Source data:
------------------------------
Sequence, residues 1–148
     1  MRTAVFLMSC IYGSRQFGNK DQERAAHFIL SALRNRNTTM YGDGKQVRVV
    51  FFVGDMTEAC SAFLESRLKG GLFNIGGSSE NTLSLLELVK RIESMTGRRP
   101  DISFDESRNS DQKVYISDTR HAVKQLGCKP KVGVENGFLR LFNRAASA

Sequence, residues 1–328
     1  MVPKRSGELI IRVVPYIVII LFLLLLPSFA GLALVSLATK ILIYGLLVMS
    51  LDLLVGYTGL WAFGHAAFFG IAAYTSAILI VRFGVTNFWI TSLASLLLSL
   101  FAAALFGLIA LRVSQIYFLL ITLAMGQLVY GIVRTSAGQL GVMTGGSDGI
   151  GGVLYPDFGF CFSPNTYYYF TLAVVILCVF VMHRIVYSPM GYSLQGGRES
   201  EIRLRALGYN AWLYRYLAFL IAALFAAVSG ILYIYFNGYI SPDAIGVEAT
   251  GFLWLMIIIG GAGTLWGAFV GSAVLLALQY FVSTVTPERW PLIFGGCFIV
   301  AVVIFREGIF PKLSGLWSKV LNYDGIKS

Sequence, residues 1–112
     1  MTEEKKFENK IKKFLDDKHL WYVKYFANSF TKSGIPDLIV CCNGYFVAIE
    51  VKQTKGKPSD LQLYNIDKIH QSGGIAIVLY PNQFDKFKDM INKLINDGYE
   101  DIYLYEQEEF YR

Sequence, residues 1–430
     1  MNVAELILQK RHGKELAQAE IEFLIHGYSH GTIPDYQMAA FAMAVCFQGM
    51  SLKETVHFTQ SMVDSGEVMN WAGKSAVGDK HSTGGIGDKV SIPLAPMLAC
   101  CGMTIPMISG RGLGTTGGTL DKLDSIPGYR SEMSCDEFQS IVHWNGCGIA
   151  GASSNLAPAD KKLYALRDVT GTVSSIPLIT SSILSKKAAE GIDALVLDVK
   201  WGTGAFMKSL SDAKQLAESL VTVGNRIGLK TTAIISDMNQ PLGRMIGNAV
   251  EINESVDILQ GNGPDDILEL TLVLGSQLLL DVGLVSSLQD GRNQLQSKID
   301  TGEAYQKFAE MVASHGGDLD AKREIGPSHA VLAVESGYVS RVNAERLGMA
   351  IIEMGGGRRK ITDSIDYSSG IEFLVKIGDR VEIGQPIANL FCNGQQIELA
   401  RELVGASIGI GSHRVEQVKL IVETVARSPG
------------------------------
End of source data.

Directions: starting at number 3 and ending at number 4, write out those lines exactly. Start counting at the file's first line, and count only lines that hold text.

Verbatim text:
    51  FFVGDMTEAC SAFLESRLKG GLFNIGGSSE NTLSLLELVK RIESMTGRRP
   101  DISFDESRNS DQKVYISDTR HAVKQLGCKP KVGVENGFLR LFNRAASA